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What’s More Worrisome than the Coronavirus?

Coronavirus vs. Flu

The threat of contracting the coronavirus or, COVID19, has been highly publicized recently – but do you know the facts?

There is a lot of confusion and incorrect information floating around about the coronavirus. The name might sound familiar from the illness that can affect dogs – yet this virus is much different from the canine version. Let’s learn a little more about this new virus.    

Coronavirus, the basics

The coronavirus is a respiratory virus that originated in China and has infected more than 47,000 people in China and countries all over the world. So far it has resulted in up to 1369 deaths.

Locations with Confirmed COVID-19 Cases Global Map

As of 11:00 a.m. ET February 17, 2020

Source: CDC, WHO

The World Health Organization has declared a global public health emergency. Americans are taking precautions to stop the spread of the disease within our borders by putting any travelers coming from China in quarantine. At this point there are over 100 Americans who have been evacuated from Wuhan, China and placed in quarantine. Despite these precautions there are 15 total confirmed cases in America, and over 452 other patients who have been tested for the virus .


  • Fever
  • Cough
  • Shortness of breath.

According to the CDC “symptoms of COVID-19 may appear in as few as 2 days or as long as 14 after exposure. This is based on what has been seen previously as the incubation period of MERS viruses.”


At this time there is no vaccine for the coronavirus as it is so new. The best way to prevent obtaining the coronavirus is to avoid being exposed to it in the first place. Keeping away from areas where those affected have been is important.

The CDC also recommends everyday preventative actions which include:

  • Washing your hands frequently and for at least 20 seconds each time, especially after going to the bathroom, before eating, and after blowing your nose, coughing or sneezing
  • If soap is not available use an alcohol-based hand sanitizer instead
  • Avoid touching your eyes, nose, and mouth, especially with unwashed hands
  • Avoid contact with those who are sick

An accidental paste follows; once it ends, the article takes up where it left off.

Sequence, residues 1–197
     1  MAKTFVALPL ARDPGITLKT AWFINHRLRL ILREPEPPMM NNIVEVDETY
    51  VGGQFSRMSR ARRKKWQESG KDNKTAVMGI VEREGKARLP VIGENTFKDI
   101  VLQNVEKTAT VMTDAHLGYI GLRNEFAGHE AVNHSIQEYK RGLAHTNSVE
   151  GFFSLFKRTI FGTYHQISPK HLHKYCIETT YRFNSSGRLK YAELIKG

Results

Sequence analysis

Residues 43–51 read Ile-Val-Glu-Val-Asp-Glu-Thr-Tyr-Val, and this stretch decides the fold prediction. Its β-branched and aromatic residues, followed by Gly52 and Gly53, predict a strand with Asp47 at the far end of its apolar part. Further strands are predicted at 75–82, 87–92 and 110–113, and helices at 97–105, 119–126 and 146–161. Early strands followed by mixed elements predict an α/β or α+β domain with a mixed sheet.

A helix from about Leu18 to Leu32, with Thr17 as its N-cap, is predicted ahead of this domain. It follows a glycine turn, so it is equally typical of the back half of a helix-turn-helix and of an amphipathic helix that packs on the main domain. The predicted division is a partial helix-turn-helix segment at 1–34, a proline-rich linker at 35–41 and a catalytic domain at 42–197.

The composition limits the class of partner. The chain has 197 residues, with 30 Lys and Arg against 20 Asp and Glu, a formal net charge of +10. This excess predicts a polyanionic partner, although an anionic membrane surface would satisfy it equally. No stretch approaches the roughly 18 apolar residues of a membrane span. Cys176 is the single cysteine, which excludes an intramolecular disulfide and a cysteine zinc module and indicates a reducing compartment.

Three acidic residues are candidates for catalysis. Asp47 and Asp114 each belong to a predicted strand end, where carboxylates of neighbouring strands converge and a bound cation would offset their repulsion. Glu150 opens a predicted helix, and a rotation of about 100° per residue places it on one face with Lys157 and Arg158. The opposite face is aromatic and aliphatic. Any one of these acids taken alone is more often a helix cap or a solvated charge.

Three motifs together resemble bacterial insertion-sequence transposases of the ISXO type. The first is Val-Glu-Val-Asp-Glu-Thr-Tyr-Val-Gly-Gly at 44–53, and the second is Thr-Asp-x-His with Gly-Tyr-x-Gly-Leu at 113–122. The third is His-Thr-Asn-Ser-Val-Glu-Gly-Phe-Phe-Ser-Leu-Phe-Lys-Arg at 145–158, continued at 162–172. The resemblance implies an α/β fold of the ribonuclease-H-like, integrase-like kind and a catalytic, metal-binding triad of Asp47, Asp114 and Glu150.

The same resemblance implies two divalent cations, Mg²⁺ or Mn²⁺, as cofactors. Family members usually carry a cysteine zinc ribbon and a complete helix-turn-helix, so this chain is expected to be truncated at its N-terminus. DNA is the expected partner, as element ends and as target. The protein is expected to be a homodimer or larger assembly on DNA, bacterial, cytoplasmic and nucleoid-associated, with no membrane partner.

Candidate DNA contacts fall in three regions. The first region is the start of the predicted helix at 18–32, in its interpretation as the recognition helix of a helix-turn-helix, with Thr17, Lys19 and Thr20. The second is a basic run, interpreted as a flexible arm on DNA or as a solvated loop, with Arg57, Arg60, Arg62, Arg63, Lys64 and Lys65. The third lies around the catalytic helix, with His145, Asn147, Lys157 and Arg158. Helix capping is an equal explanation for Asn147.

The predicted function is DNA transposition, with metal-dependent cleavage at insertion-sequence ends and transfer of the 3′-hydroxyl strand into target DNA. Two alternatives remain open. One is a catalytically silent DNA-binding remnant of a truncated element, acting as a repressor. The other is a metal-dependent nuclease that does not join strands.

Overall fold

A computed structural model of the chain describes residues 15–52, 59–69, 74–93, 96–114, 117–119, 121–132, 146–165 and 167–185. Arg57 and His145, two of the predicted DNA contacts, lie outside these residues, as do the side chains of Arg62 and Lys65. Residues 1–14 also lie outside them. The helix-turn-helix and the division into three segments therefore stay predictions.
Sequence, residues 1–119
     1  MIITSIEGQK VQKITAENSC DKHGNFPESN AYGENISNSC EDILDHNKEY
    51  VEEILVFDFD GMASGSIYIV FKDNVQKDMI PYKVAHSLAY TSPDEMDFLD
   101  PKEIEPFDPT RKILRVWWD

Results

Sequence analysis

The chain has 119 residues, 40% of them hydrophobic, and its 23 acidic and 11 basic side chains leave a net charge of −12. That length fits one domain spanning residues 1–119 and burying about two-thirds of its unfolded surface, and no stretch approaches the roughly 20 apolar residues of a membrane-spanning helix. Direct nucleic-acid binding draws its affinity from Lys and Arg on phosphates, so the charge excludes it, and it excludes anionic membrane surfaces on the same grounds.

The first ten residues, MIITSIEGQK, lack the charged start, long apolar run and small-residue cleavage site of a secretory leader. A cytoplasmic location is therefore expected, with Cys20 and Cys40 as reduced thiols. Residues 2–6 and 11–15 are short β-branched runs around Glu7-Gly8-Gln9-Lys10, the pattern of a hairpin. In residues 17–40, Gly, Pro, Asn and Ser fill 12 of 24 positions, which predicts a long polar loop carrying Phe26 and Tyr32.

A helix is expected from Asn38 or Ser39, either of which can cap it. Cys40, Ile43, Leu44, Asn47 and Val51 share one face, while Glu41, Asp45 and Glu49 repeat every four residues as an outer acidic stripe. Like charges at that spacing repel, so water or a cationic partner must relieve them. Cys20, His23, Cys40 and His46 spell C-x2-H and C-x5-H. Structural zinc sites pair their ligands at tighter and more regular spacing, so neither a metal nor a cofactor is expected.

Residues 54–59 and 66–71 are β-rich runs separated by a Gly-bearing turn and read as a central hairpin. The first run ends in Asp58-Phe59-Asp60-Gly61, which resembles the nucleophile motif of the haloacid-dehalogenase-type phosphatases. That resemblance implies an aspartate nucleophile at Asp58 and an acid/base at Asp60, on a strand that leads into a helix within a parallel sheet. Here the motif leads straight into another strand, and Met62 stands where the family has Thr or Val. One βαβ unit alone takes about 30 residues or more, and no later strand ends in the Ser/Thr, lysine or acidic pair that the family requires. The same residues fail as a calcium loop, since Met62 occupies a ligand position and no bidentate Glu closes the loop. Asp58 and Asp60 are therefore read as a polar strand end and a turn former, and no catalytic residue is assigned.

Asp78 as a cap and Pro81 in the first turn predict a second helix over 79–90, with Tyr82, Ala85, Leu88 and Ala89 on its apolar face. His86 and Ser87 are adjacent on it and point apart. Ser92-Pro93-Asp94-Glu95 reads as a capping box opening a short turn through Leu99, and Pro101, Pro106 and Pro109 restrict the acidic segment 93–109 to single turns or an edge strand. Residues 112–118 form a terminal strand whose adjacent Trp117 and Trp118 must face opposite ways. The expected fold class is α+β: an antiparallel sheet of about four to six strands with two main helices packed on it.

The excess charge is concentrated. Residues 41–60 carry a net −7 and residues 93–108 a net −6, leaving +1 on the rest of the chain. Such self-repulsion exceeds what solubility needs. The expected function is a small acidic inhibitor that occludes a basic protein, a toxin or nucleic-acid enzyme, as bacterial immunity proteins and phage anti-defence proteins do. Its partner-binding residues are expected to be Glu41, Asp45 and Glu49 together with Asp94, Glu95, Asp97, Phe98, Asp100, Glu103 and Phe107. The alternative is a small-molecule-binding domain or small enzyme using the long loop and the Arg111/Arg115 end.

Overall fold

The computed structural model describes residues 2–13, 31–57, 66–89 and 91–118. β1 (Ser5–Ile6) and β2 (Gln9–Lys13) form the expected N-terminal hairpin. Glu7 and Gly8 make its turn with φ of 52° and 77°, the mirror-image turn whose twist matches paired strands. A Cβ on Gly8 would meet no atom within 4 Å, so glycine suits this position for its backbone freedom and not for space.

• If you are sick, stay home and rest
  • Always cover your coughs and sneezes with a tissue and immediately dispose of the tissue and wash again afterwards
  • If a tissue is not available, sneeze into your elbow to prevent the spread of germs
  • Regularly clean and disinfect frequently touched objects and surfaces.

Luckily there has not been an outbreak in the Mohawk Valley area, and for that reason (if the above prevention methods are taken) likelihood of contracting the virus are slim.

Despite the low likelihood of on outbreak in our area, MVHS is still taking steps to prevent the spread of the coronavirus in our community, which include:

  • Educating our staff of travel screening primarily within the Emergency Department, Urgent Care, and Primary Care
  • Placed new travel alert signage at the entrances of each ED, Urgent Care and Primary Care Office
  • Educating our staff on propper donning and doffing of personal protective equipment . (Again with primary areas being ED, Urgent Care, and Primary Care Offices)
  • Staff and leadership are staying current on the disease with regular contact with the department of health virus as it progresses to ensure we are up to date with changing guidelines

 There is, however, a more pressing concern, the flu.

Influenza, the basics

Influenza, commonly referred to as the flu is a contagious respiratory illness caused by influenza viruses. The viruses infect the nose, throat and sometimes lungs. Flu is detected year-round but is most common in the fall and winter.

Peak of Month of Flu Activity

1982-1983 through 2017-2018

Source: CDC

The CDC estimates that influenza has resulted in between 9 million – 45 million illnesses, between 140,000 – 810,000 hospitalizations and between 12,000 – 61,000 deaths annually since 2010.


Different from a cold, the flu comes on suddenly. Those who have the flu experience some or all of these symptoms:

  • Fever or chills
  • Cough
  • Sore Throat
  • Runny or stuffy nose
  • Muscle or body aches
  • Headaches
  • Fatigue
  • Vomiting and diarrhea.


The best way to prevent dying from the flu is getting a flu vaccine each year. Although the flu vaccine will not prevent you from contracting the flu, it will prevent you from dying from it. In addition to getting a vaccine you should also:

  • Avoid contact with those who are sick
  • If you are sick stay home
  • When coughing and sneezing be sure to use a tissue or do so into your elbow. Afterwards be sure to wash your hands
  • Wash your hands regularly and for 20 seconds each time
  • If soap is not available use an alcohol-based hand sanitizer instead
  • Avoid touching your eyes, nose, and mouth, especially with unwashed hands
  • Regularly clean and disinfect frequently touched objects and surfaces.

Flu shots are very accessible and are free to the public in many locations. If you need a flu shot you can visit MVHS today, though we ask that you wear a mask while you’re waiting.


Tags: Virus, Coronavirus, Influenza,



Emily Cook
Communications Specialist